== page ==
Wednesday 18 September 2019

Comment: Jurgen Klopp's magic touch has put Liverpool light years ahead

Liverpool manager Jurgen Klopp was all smiles after his side's 4-1 win at Manchester City
Liverpool manager Jurgen Klopp was all smiles after his side's 4-1 win at Manchester City

Chris Bascombe

The journey from Liverpool to Manchester is just 35 miles. Since their last visit, the Merseysiders have taken a detour via a different football stratosphere.

Just 70 days ago, eight of the starting line-up that harassed, humbled and humiliated Manchester City limped around Old Trafford in one of the most wretched Liverpool performances of the past 25 years.

It was a display that was the beginning of the end for Brendan Rodgers’s reign and seemed to reaffirm fears that every pound of the £200 million spent by Fenway Sports Group lay sodden within the sewage tanks of Merseyside. The players were the same, the name on the badge identical and those multi-coloured boots occupied by the same depth of talent, and yet everything about the Liverpool team at the Etihad Stadium was new.

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The axe has fallen on Liverpool manager Brendan Rodgers

Where there was turgidity there is vibrancy; where there was cowardice there is courage; where there was dourness there is now ebullience. Most reassuring for Jürgen Klopp, given the inauguration address of two months ago, where there was doubt there is now belief – soaring, uncontainable belief.

Klopp was exultant on the final whistle but he had sobered up by the time he made it to the assess­ment room. “The difference between then and now is not ­important,” he said.

It was his only mis-step on an otherwise flawless evening. Sorry Jürgen, but the difference is everything – especially for those Liver­pool supporters who attended both Manchester dates this season.

The difference is thrilling and rejuvenating. With every pinch of possession, each purposeful forward pass, each rapid counter-attack and – most importantly – each elegantly crafted goal making City’s defence resemble recently assembled amateurs, Klopp demonstrated what separates an elite, world-class coach from pretenders. We knew it was a coup when Liverpool lured the German from his holidays, but few anti­cipated so much, so soon.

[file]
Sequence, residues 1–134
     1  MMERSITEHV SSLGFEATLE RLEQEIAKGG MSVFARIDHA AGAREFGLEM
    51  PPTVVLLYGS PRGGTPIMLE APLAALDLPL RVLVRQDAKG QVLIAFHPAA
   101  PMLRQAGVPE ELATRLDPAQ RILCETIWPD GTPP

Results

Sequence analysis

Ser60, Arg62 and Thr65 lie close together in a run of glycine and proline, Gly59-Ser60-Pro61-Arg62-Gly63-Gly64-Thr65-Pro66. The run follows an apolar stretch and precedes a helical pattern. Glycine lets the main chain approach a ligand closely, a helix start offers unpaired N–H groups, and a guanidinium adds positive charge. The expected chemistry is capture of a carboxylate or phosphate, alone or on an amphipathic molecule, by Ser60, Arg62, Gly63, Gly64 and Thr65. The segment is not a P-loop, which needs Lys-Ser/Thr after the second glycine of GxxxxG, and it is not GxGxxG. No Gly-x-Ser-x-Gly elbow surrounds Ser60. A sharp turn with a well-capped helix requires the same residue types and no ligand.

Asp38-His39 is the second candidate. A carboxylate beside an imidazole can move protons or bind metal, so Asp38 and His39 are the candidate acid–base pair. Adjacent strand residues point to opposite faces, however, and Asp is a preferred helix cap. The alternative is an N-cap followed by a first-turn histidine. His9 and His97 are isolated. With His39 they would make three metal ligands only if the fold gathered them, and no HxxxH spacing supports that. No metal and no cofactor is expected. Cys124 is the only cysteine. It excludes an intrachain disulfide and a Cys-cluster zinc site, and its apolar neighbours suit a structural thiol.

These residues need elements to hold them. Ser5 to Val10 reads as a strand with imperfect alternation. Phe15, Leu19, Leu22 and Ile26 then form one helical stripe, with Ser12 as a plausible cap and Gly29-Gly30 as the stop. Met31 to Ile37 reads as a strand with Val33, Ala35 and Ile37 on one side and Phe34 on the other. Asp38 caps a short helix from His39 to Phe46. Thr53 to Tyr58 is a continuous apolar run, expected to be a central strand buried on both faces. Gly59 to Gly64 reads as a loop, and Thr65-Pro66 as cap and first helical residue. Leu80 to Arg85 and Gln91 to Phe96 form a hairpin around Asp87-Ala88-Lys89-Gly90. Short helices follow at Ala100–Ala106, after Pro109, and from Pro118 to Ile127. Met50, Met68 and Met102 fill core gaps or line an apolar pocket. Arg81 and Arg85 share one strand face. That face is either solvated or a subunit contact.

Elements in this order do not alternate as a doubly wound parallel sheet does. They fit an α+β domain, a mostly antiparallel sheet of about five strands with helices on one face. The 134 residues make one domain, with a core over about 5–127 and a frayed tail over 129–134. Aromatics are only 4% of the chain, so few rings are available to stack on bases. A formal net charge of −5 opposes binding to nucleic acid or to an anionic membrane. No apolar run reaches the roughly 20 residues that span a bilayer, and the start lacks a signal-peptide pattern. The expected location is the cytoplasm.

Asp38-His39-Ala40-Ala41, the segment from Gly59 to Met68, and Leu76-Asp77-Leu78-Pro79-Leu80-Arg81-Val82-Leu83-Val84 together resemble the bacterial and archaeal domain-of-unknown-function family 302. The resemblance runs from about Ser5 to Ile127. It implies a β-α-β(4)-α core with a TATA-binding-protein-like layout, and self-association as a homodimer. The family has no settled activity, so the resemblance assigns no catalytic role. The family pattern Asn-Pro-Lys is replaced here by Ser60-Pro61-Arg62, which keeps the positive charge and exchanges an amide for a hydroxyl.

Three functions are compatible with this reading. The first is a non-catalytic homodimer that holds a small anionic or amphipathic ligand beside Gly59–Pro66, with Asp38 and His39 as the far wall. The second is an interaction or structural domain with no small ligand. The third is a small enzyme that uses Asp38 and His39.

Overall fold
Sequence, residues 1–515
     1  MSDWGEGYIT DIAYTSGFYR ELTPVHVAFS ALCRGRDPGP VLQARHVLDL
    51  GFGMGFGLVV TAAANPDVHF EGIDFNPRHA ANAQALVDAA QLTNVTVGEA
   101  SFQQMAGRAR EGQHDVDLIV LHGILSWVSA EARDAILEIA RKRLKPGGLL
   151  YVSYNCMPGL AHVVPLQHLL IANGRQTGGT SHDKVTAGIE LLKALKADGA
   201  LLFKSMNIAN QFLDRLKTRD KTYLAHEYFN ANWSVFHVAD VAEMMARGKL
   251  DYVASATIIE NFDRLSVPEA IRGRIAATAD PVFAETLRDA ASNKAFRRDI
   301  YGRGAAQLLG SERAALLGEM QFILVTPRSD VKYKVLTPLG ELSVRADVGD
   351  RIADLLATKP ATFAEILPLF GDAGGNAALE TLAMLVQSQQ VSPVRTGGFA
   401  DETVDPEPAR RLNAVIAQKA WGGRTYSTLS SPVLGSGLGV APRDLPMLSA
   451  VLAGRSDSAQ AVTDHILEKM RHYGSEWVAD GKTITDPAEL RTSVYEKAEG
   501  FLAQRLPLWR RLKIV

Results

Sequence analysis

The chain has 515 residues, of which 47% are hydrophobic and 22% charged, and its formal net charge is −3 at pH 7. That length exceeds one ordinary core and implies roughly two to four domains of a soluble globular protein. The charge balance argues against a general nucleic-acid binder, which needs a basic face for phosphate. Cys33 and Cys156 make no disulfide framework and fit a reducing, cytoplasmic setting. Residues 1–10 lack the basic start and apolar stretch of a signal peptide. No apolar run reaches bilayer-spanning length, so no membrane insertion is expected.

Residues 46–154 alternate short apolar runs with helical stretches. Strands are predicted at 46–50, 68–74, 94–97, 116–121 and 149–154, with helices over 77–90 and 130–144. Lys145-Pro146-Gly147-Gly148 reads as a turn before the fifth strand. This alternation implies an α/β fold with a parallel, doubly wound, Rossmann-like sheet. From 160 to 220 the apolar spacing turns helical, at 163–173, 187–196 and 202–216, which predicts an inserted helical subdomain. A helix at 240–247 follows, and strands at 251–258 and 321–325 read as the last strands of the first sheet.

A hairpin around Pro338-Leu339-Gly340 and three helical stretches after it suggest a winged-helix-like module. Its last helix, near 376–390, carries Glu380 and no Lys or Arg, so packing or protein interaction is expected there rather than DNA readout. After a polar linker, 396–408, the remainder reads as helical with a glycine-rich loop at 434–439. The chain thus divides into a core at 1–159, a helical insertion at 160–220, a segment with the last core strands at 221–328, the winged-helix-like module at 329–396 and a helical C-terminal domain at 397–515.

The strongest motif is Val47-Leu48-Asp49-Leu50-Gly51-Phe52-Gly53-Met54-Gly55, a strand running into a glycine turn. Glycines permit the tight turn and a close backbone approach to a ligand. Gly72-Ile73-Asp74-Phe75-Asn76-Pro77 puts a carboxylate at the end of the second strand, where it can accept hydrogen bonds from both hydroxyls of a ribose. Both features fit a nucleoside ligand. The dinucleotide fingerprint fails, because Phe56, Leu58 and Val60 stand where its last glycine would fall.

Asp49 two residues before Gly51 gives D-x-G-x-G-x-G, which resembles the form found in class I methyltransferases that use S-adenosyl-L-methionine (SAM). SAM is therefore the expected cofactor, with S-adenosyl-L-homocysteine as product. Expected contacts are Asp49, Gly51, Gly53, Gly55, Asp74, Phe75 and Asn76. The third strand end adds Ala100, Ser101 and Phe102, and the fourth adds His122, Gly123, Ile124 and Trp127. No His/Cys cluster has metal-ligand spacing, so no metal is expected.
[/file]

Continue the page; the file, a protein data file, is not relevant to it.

In successive away games they have not just beaten Man­chester City and Chelsea, they have outplayed, out-thought and outworked them. Outstanding.

Manchester City were unable to contain Liverpool's Roberto Firmino and Philippe Coutinho

Roberto Firmino looked like a crab with a groin strain when asked to sprint from the wings in his first few games, but he was mes­merising in an advanced free role here, ­creating two, scoring another.

He would have the match-ball but for Joe Hart. Adam Lallana was under the misconception that he would be David Silva when joining Liverpool, but has been transformed into a technically gifted version of Dirk Kuyt, defying sports science with the kind of energy levels that might prompt a bid for his services from the National Grid.

Dejan Lovren’s inclusion ahead of Mamadou Sakho provoked mass weeping on Merseyside three months ago, but he deservedly garnered as much praise from his coach on his return as the nimble-footed attackers.

City were confused as well as dismal, with Manuel Pellegrini citing the “worst performance of my reign”. There was bemusement when Vincent Kompany’s injury absence was exacerbated by the omission of Nicolas Otamendi, which Pellegrini deemed unworthy of explanation.

When City flourish, the Chilean looks like an efficient, obedient over­seer. When they fail, his refusal to offer meaningful public insight into what went wrong is mightily unimpressive. .

Liverpool manager Jurgen Klopp (left) shakes hands with Manchester City's Raheem Sterling

For Raheem Sterling, part of him must consider how seamlessly he would have blended into Klopp’s formation.

Klopp, meanwhile, repelled questions about Liverpool’s top-four prospects. “It’s only OK that you ask this after we lose,” he said. “We can’t change our targets just ­because we have won. Our situation is difficult enough. We have to very careful. Only two weeks ago we lost to Palace. We cannot switch the lamp on and off, on and off.”

For the Klopp bandwagon to get overcrowded, Liverpool must show this kind of form on their own turf. “I would love to win a game like this at Anfield,” he said. “We have to find a solution and we will. It’s our responsibility to make sure our fans want to stay 20 minutes after the whistle.”

Klopp said that he felt he was “walking alone” a fortnight ago. Now he has revealed he told his players “not to be afraid of the dark”, to find the guts to perform like this. “If you are stuck in the forest and its dark and you are afraid and someone tells you not to be, it doesn’t work,” he said. “It’s your own mind. Only you can affect that.”

Many more performances like this and he will see that golden sky soon enough.

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